EPA water report points to “real polluters”

MEP Marian Harkin, who has been one of the leaders in the anti-septic charge movement from an early stage, claims the admission by the EPA that municipal sewerage treatment plants had a poor level of performance and a ‘shocking’ non compliance rate refuted the attempts of those who sought to relate water quality problems to deficient septic tanks.

MEP Marian Harkin, who has been one of the leaders in the anti-septic charge movement from an early stage, claims the admission by the EPA that municipal sewerage treatment plants had a poor level of performance and a ‘shocking’ non compliance rate refuted the attempts of those who sought to relate water quality problems to deficient septic tanks.

Ms Harkin was reacting to the latest EPA report on the performance of the state’s sewerage treatment plants.

In the report the EPA has identified Killybegs and Moville in a list of towns where waste water treatment work is overdue.

They are, according to the report, two of eleven urban areas which do not meet the Urban Waste Water Treatment Directive requirement to have secondary treatment in place.

The Environmental protection Agency says as many as half of the Republic’swater treatment facilities do not meet national or EU standards.

The EPA that further investment is needed to change the way these plants are operated and maintained.

MEP Harkin said: “What has been revealed in this report is that the threat to the quality of Ireland’s waters and the country’s ability to meet targets set under the EU Water Framework Directive comes largely from the state and not from septic tanks. This in turn highlights the unfairness inherent in government policy which seeks to penalise septic tanks owners while making insufficient investment in a sector which represents a third of the country’s population.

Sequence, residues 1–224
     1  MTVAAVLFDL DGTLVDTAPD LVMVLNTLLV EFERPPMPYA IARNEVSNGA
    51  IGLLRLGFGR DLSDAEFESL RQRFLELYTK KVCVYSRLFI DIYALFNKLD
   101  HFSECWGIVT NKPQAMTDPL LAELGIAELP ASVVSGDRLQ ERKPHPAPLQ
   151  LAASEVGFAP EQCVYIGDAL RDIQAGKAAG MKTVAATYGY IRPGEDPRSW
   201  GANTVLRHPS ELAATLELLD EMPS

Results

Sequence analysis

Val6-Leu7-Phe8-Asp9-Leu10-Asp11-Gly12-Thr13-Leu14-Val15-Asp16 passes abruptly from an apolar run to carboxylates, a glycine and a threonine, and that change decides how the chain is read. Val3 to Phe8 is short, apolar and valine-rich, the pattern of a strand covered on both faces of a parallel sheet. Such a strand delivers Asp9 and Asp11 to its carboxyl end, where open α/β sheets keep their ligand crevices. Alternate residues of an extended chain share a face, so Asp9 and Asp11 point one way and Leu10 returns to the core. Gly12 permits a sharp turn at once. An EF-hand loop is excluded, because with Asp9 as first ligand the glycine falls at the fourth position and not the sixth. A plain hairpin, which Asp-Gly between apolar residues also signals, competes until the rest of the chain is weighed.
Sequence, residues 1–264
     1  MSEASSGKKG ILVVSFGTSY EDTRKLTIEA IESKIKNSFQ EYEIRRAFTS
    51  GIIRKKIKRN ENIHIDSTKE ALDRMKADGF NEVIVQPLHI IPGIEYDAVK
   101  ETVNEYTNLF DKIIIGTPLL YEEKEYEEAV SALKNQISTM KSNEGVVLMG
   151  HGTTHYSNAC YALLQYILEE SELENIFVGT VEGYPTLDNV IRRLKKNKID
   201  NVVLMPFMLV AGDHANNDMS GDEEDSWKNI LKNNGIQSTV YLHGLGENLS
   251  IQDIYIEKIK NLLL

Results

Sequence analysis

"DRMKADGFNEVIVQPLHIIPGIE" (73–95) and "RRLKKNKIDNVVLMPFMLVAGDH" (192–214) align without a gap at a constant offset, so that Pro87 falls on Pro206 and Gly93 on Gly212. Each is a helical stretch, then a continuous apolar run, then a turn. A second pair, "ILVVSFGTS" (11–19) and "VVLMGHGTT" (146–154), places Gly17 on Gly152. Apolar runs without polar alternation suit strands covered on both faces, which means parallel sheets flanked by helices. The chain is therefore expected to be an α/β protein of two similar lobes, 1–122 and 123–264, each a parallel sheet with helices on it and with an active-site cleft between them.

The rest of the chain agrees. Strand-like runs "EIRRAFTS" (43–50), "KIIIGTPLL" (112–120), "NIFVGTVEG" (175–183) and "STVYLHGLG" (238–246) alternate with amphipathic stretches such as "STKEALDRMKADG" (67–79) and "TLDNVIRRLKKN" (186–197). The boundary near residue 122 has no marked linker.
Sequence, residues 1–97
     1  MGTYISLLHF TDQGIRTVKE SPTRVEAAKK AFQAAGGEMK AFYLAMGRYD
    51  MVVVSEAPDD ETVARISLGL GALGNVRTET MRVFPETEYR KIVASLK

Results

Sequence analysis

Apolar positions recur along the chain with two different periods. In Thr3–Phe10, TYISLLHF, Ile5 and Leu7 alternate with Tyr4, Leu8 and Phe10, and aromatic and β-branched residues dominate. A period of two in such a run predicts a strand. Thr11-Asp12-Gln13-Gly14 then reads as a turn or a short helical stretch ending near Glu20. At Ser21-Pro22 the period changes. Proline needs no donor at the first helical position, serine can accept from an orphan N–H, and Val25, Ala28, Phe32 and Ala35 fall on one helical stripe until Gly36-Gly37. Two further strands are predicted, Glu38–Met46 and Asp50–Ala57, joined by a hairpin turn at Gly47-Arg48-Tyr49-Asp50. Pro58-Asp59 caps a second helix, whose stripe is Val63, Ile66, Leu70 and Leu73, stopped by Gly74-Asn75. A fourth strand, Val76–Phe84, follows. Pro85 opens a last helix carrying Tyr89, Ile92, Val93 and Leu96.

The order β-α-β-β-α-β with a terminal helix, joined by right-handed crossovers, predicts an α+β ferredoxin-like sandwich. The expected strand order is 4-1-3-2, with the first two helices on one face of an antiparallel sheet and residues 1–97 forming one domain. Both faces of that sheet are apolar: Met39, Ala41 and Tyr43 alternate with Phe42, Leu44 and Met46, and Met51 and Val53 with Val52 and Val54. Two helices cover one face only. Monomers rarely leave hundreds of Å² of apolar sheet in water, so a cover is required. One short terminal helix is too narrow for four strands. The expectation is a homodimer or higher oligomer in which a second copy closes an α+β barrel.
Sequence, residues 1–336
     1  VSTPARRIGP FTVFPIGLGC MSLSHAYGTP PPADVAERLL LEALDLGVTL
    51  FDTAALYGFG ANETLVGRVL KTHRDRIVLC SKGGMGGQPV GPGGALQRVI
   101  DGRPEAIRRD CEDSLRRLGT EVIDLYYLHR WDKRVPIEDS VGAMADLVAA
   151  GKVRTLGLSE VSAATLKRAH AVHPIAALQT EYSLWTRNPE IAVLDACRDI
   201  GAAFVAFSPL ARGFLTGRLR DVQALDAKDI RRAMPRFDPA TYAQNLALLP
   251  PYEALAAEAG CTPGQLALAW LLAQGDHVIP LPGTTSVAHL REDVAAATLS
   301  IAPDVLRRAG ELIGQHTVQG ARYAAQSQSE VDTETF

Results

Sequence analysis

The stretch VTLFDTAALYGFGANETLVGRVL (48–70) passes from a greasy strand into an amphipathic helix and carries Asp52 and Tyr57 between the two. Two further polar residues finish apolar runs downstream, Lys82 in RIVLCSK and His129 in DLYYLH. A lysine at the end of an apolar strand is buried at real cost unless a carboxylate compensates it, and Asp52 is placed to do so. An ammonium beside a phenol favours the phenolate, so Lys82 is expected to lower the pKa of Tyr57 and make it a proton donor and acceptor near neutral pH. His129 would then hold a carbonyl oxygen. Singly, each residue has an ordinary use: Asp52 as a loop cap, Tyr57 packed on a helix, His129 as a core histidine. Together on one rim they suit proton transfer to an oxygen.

“Disgraceful and misleading attempts have been made to relate septic tanks to problems which clearly lie in the failure to effectively tackle urban waste water treatment despite the € billions spent on it.

“In the next few years a further €½ billion is to be invested in urban waste water treatment but, as yet, not a cent to fund any remedial works which may emerge as a result of the new septic tanks inspection programme.

“Perhaps now those in government, and those in organisations dedicated to preventing the building of one-off houses in the countryside will, in the light of this EPA report, cease to mislead people on who has the major responsible for the pollution of Ireland’s waters”.